When the Mahler suggestion came up, says Sonnen, “we said yeah, let’s go for it.”

The Sound of Music
“It’s wonderful to be surrounded by sounds and wonders of this great music,” says Sonnen, who works as a music therapist by day. “I’m a believer in live vibration. Performing’s not just entertainment; there’s something more. It puts the audience in touch with their feelings. It’s an internal thing. Language and words often limits us.”

Londontowne is primarily a South County orchestra, they’ll tell you, seeking classical audiences among retired people and those who can’t afford high ticket prices of bigger orchestras, as well as classical music lovers from all walks of life.

For their season opener September 16, they have four pieces lined up.

First is Handel’s Music for the Royal Fireworks, which was written in the spring of 1749 to celebrate the end of the War of the Austrian Secession, expressed here with pomp and pageantry.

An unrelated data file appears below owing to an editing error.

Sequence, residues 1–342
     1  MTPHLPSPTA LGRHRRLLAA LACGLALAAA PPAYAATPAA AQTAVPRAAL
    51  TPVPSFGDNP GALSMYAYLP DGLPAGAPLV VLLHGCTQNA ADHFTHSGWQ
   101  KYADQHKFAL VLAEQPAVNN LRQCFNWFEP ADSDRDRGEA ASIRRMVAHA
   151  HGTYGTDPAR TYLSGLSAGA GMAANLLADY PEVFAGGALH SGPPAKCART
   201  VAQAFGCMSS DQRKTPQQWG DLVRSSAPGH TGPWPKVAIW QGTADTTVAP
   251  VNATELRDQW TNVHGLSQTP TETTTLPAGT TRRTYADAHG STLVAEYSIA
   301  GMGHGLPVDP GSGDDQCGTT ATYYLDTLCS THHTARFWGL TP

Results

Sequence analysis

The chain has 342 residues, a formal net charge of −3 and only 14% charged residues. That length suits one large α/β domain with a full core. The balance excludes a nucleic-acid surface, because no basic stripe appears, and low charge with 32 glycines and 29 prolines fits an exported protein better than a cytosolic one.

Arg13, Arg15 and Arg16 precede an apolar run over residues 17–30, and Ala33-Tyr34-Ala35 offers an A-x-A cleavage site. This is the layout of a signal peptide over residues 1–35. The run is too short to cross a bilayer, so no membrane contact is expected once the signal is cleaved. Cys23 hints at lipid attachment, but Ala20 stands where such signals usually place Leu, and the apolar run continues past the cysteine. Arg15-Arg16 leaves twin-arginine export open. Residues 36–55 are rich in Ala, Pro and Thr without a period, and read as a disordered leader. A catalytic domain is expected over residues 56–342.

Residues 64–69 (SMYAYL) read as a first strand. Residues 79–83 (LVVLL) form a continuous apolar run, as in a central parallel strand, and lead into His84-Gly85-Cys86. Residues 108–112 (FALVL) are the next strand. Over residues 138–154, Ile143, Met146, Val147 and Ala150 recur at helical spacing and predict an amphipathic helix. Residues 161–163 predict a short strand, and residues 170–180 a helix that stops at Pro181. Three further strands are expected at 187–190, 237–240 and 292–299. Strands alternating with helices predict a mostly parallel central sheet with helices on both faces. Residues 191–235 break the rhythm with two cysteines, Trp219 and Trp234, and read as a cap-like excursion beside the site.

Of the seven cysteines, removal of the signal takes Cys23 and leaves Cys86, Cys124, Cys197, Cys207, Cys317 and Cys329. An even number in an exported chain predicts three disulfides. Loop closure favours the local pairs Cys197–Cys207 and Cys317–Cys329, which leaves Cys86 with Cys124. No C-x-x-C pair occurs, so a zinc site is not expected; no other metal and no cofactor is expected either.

Next, they move into the 20th century with Samuel Barber’s orchestral song, Knoxville: Summer of 1915, which was inspired by Southern novelist James Agee’s writings. This reminiscence of a summer night spent with family features soprano Tracy Hall, who’s performed with opera and concert groups all over the D.C. metropolitan area and the Northeast.

Next is a Johannes Brahms’ 2nd Symphony, a pastoral piece in which you’ll recognize the first movement theme: the composer’s famous Lullaby.

You’ll leave with the rhythms of Sousa’s Washington Post March resounding in your mind.

“Music is such an expressive art,” says Sonnen. “Julien exudes this music. He transmits it to the people who are there.”

This symphony plays not only for audiences, but also for themselves. Getting absorbed in the music is their heaven.

“When you’re performing,” says Di Marco, “You forget about everything else.”

Londontowne Symphony Orchestra plays at 7:30pm Friday, September 16 at Southern High School Auditorium, 4400 Solomons Island Rd., Harwood. $15 donation: 410-266-8834; www.londontownesymphony.org. ($25 season tickets include three regular season concerts plus an open rehearsal of Mahler’s Symphony.)

Staff writer Carrie Steele did not practice her oboe enough to join this symphony.